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May 10, 2012

Kentucky Derby winners in the Preakness

By: By Jeff Frank, Contributing Editor


Philadelphia, PA (Sports Network) - Seven of the last 20 Kentucky Derby winners have come right back to win the Preakness, which is the same number of Derby winners that won the Triple Crown's middle jewel between 1972 and 1991.

However, there is one main difference in the two eras and that is field size. When Secretariat, Seattle Slew and Affirmed ran at Pimlico, they had to contend with only five, eight and six other horses, respectively. Conversely, War Emblem, Smarty Jones and Big Brown squared off against 12, nine and 11 competitors, respectively.

The average Preakness field has increased from eight horses between 1972 and 1981 to 12 over the last 10 years. Putting it in other terms, 14 of the 20 runnings between 1972 and 1991 had fields of nine or less. Only once since 1992 has there been a race with fewer than nine horses.

It's not as if Secretariat or Seattle Slew would have had a tougher time winning the Preakness with more competition. It's just that it's more difficult to reach the winner's circle in the current era when superstar 3- year-olds are few and far between.

Despite the parity in the breed, especially at longer distances, Preakness favorites have been winning at an alarming rate. Since 2002, the betting choice has crossed the wire first six times, while two other favorites - Street Sense and Animal Kingdom - finished second. Six of those eight horses had won the Kentucky Derby.

Over the last 15 years, Derby winners have been dominant in the Preakness with seven victories for a 47-percent winning percentage. Not only that, four others finished second. Among them, Mine That Bird (50-1 in the Derby) and Animal Kingdom (20-1 at Churchill Downs). Even Giacomo ran third at Pimlico after winning the Derby at 50-1.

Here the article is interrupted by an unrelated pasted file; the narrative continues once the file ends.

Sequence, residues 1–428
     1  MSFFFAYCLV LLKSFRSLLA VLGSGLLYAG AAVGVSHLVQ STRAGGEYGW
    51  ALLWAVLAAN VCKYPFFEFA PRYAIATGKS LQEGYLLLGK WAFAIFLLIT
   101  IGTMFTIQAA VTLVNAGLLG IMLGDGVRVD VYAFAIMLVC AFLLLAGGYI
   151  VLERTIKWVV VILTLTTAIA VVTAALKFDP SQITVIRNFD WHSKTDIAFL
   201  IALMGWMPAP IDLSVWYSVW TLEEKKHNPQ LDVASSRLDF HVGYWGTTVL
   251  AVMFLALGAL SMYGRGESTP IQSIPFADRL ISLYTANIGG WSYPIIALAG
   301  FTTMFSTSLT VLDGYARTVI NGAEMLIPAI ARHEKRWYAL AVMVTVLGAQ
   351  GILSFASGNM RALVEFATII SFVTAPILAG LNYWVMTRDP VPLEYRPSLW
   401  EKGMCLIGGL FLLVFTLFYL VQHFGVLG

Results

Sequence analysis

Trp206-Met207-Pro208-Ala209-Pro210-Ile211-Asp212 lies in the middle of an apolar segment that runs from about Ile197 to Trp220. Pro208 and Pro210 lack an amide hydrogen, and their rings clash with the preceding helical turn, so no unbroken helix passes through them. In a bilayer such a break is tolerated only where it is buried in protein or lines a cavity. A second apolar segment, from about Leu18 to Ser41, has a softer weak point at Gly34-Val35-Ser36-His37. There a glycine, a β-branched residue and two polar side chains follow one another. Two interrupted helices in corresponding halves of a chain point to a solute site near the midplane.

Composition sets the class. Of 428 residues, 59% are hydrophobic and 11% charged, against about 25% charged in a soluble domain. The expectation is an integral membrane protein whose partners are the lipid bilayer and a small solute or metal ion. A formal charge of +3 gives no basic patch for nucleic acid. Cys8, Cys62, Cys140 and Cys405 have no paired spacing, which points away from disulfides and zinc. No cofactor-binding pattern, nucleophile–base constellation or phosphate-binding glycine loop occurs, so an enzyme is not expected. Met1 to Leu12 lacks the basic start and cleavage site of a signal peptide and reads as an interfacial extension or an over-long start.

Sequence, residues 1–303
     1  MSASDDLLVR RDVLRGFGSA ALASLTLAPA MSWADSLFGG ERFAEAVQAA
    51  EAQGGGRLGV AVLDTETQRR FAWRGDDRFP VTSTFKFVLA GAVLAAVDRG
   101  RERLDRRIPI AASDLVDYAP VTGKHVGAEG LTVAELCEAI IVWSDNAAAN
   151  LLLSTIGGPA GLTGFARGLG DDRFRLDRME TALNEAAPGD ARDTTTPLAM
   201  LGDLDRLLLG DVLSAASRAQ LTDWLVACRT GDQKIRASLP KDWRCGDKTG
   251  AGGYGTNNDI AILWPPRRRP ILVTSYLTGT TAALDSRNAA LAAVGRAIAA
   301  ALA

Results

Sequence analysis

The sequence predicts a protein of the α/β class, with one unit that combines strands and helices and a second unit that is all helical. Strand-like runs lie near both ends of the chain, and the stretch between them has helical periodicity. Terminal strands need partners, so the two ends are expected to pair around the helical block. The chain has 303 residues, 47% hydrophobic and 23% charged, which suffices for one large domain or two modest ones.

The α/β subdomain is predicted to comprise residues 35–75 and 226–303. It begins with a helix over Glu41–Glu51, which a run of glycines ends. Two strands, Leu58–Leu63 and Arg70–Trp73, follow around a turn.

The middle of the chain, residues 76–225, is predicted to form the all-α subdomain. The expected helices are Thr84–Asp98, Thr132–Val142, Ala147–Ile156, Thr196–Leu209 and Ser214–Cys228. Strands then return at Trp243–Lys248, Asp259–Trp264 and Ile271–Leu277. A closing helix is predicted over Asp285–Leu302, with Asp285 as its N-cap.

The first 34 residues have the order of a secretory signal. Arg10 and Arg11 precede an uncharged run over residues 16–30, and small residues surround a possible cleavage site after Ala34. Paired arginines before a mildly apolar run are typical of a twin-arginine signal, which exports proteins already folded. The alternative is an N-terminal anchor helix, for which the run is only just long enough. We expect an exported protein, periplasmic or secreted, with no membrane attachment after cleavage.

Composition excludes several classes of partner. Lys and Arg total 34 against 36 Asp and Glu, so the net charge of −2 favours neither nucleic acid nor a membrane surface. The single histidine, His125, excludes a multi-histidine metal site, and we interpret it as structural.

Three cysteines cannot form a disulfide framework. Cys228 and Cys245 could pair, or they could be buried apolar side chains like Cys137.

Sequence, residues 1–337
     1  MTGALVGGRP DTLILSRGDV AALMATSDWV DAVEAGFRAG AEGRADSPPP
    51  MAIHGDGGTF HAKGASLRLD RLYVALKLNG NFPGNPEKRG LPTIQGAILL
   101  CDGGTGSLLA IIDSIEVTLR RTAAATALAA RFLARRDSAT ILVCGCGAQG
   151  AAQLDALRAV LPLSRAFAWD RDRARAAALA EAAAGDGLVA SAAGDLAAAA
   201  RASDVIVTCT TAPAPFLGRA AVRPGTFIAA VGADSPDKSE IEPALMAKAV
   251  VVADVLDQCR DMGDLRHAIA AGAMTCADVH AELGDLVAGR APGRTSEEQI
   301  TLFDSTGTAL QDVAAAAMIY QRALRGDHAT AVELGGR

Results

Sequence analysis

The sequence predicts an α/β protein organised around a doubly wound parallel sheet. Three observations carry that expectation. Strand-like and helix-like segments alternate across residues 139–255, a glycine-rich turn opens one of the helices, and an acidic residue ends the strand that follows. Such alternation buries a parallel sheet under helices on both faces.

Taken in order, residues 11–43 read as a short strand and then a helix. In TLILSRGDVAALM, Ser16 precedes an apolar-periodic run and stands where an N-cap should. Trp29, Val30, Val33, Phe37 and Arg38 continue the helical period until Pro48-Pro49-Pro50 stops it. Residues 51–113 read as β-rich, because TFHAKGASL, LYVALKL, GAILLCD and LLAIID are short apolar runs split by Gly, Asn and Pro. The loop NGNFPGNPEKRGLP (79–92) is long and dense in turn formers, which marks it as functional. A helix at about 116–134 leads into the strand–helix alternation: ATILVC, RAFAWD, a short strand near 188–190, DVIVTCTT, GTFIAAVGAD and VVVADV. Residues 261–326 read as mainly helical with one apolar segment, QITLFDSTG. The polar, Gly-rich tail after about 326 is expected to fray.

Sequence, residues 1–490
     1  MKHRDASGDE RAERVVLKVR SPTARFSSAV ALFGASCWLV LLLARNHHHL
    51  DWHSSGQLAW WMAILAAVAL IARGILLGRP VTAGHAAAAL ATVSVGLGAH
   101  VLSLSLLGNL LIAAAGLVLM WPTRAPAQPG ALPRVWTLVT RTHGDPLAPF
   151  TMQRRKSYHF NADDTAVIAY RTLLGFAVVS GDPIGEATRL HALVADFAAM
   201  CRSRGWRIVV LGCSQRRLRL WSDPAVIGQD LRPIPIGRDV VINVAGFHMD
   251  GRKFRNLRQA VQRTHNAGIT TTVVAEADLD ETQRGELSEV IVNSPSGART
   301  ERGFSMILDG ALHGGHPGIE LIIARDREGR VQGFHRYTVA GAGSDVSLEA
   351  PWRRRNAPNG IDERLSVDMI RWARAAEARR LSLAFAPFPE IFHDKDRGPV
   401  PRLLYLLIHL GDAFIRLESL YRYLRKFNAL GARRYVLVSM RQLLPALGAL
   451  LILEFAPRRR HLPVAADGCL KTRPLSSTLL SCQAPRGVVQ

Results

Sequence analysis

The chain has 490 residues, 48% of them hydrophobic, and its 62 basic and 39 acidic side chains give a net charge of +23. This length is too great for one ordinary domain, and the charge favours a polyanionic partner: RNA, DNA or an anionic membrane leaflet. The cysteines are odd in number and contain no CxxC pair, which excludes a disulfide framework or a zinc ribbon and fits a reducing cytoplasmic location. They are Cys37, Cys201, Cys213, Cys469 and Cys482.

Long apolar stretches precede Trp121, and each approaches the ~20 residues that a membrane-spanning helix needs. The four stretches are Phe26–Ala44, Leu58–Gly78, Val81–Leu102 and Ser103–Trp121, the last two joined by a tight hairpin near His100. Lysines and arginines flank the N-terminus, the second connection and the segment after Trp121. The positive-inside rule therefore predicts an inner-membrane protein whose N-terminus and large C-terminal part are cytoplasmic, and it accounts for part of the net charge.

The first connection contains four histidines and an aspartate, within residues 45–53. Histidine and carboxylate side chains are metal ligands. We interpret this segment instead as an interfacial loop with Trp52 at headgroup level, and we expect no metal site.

That doesn't necessarily mean double-digit Kentucky Derby winners can't win the Preakness. War Emblem, who paid $43.00 on the first Saturday in May, came right back as the 5-2 favorite at Old Hilltop. A year later, Funny Cide (12-1) took home the Woodlawn Vase as the 9-5 favorite after upsetting Empire Maker at Churchill Downs.

Forty of the top four Preakness finishers over the last 15 years (60 horses total) ran in the Kentucky Derby. So those folks waiting to bet the superfecta can probably count on at least three Derby horses finishing in the first four slots.

Breaking it down even further, the Preakness has been won by a horse coming out of the Derby 12 times over the last 15 years. Additionally, nine horses each have occupied the place and show spots, while 10 have finished fourth.

Despite those numbers, the Preakness has witnessed a Kentucky Derby exacta just once (last year) since 2007 and only two times since 2001.

It's often been said that new shooters (non-Kentucky Derby runners) have a tough time winning the Preakness. That statement has a lot of truth to it since only three have finished first since 1983. Nevertheless, a new shooter has run second in nine of the last 20 years, with average odds of 21-1. However, this year's bunch leaves a lot to be desired.

Post Derby Thoughts

First, I would like to thank my colleague Don Agriss for acknowledging my pick of I'll Have Another. As my readers know, I have been on the I'll Have Another bandwagon even before the chestnut colt won the Robert B. Lewis Stakes back in early February, and the Derby winner has been in the No. 1 spot on "The Jeff Frank Dirty Dozen" since a few days prior to his Santa Anita Derby victory.